TheLawFirm.com Sidebar: America’s Aging Population

According to U.S. Census Bureau Data, the so-called “Boomer Generation Effect” will continue to heavily impact American age demographics in coming years, much as it has for decades. The 2010 Census recorded over 40 million Americans aged 65 or older, accounting for approximately 13% of the national population. Both were record highs likely to be outdone by the 2020 figures.

Based on current trends, it is estimated that by 2050, the population of Americans aged 65 or older will have nearly doubled, to over 80 million. The same trend is observed in the oldest age category, those aged 85 or older, which is expected to expand from 5.9 million in 2012 to 8.9 million in 2030 and 18 million in 2050.

In the most recent data available from the Centers for Disease Control and Prevention (CDC), researchers found that in 2014 “about 67,000 paid, regulated long-term care services providers served about nine million people in the United States.” These long-term care service providers included approximately 15,600 nursing homes caring for about 1.4 million residents. It is estimated that figures have only increased since that time. For example, the Health in Aging Foundation calculates that there are presently about 1.6 million nursing home residents in the United States.

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Why do people seek nursing home care?

The reasons for seeking nursing home care vary somewhat from individual to individual, but what almost all residents share is a need for assistance with what are known as “activities of daily living” (ADLs). ADLs include everything from eating to bathing to dressing to using the bathroom, the quotidian habits so many of us take for granted every day. According to the Health in Aging Foundation, 80% of nursing home residents require assistance with at least 3 different ADLs, assistance that quality nursing homes are able to provide.

The physical ailments requiring such assistance vary somewhat, but again there are some commonalities. Health In Aging reports that:

• 90% of nursing home residents who are able to walk require assistance or supervision when doing so
• More than 50% of nursing home residents suffer from bowel or bladder incontinence
• Over 33% have impaired sight and/or hearing

Many individuals require nursing home care for mental health reasons, as well. In fact, dementia is the most common issue afflicting nursing home residents, impacting between half and three-quarters of the total population. Over 75% percent of nursing home residents suffer from decision-making issues, and about two thirds exhibit memory loss or trouble knowing where they are.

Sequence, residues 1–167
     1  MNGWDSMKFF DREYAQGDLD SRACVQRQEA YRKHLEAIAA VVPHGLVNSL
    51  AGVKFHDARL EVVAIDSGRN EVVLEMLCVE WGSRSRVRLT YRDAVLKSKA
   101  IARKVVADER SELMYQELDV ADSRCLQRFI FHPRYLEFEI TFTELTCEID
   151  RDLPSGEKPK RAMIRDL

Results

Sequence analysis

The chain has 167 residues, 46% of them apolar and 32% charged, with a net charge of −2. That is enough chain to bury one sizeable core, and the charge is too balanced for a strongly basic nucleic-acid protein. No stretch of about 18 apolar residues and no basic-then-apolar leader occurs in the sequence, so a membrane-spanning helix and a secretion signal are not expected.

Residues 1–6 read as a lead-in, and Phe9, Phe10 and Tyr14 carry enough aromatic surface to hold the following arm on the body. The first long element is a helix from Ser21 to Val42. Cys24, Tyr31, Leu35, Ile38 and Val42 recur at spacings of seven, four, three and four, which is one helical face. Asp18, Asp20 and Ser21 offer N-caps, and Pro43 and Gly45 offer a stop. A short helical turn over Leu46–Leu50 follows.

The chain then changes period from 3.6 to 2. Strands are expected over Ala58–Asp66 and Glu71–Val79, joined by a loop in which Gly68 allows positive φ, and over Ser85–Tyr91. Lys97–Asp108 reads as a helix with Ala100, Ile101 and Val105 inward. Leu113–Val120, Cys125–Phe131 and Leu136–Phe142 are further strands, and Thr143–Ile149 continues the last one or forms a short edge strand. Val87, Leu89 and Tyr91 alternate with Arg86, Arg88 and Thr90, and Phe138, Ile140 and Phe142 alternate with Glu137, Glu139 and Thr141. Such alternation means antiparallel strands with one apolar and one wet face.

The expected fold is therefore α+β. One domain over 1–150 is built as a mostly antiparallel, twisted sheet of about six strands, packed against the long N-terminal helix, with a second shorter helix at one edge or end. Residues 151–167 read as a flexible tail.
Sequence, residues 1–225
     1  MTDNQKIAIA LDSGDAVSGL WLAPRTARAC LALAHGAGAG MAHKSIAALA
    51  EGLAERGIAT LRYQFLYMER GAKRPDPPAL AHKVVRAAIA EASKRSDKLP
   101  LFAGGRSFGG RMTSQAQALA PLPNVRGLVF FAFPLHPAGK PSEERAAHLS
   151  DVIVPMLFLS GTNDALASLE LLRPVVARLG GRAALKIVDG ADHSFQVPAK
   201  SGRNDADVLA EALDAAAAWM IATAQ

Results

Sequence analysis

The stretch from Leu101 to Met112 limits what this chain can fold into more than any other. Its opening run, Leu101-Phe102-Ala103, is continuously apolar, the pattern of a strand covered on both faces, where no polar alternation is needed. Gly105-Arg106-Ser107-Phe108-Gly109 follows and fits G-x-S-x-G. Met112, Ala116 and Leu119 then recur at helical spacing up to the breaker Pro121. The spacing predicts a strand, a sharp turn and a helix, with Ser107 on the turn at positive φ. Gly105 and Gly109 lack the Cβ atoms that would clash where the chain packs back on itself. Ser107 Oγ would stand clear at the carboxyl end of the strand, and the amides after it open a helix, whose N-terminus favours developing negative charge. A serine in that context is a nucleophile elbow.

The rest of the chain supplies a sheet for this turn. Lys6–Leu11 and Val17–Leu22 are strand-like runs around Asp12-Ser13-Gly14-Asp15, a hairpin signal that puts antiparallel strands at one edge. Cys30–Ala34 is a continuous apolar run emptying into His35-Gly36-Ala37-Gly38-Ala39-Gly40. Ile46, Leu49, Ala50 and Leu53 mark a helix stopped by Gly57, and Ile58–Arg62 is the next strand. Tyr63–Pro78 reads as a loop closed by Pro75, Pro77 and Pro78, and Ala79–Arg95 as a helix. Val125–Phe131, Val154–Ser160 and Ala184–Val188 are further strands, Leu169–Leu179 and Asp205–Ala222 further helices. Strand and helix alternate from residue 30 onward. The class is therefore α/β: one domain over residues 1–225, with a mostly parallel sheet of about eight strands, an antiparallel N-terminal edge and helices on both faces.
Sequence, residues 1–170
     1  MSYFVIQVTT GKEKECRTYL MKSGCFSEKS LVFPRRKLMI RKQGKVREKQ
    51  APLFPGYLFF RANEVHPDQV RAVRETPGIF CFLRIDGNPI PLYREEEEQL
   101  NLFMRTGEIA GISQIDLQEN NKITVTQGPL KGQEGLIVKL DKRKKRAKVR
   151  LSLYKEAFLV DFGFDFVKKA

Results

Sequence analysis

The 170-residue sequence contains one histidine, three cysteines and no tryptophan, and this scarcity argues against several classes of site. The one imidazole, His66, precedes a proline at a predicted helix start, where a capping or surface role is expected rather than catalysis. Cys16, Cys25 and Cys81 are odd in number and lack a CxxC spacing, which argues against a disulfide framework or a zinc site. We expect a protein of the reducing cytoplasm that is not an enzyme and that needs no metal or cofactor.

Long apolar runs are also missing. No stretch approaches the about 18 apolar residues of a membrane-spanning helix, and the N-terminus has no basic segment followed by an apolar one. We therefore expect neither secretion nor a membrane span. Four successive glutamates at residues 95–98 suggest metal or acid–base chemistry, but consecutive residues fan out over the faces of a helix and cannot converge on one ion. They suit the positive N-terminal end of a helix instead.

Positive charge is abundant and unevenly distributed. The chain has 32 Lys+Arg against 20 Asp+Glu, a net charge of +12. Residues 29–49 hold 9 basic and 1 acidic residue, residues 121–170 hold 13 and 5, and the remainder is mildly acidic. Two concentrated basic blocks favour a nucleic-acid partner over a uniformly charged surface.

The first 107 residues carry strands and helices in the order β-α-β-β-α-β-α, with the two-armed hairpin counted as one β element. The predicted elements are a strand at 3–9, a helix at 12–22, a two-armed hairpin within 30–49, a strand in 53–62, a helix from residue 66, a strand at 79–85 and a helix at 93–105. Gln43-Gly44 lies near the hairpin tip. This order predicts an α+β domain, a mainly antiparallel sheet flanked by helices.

These conditions clearly require a competent, motivated staff on the job 24 hours a day, 7 days a week, and some nursing homes do provide such care. These well-performing institutions and their staffs deserve to be lauded for their good and important work. Unfortunately, however, far too many unscrupulous owners and operators have entered the nursing home industry with the motivation not of providing quality care, but of amassing great wealth. (For example, see the story of billionaire Brius Healthcare CEO Shlomo Rechnitz in “TheLawFirm.com Case Study: Brius Healthcare”, below.)

If you or a loved one has suffered harm as a result of nursing home negligence or neglect, contact the experienced team of attorneys at TheLawFirm.com now for a free consultation.

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TheLawFirm.com Sidebar: Risk Factors for Nursing Home Admission

According to the Health in Aging Foundation, the following represent the major risk factors for being admitted into a nursing home:

• Age (1.1% of individuals aged 65-74 live in nursing homes, as compared to 15% of people aged 85 or over)

• Income (Low income individuals are more likely to find themselves in a nursing home, a main reason why Medicare and Medicaid payments are such a cash cow for nursing home operators)

• Lack of Family Support (Individuals without a spouse and/or children are more likely to end up in a nursing home)

• Limited Social Engagement with Others

• Physical or mental impairments

Choosing a Quality Nursing Home

Do Your Homework

The single most important thing one can do to help ensure a quality choice of nursing home is gather as much quality information as possible. Thanks to the internet, this information is more widely and easily available than ever. For example, the Centers for Medicare and Medicaid Services collect nursing home data across a variety of parameters and then make the information publicly available to consumers via their Medicare.gov Nursing Home Compare tool. Also, check to see if your state or municipality’s department of health provides publicly available information about nursing home complaints, violations, and penalties. If you have access to the internet—which you do if you’re reading this—much of the information you need is right at your fingertips.

Do Your Legwork

However, when it comes to the health and safety of a loved one, nothing beats good, old-fashioned legwork. One should try to visit as many different nursing homes as possible to get a feel for the various facilities, their staffs, the services provided, and the overall ambiance. Unlike so many industries today, nursing homes remain a highly person-to-person, patient-care oriented business. The friendliness, passion, and dedication of individual staff members will have a direct impact on your loved one, so it is important not to rely too much on the raw data in reaching a decision.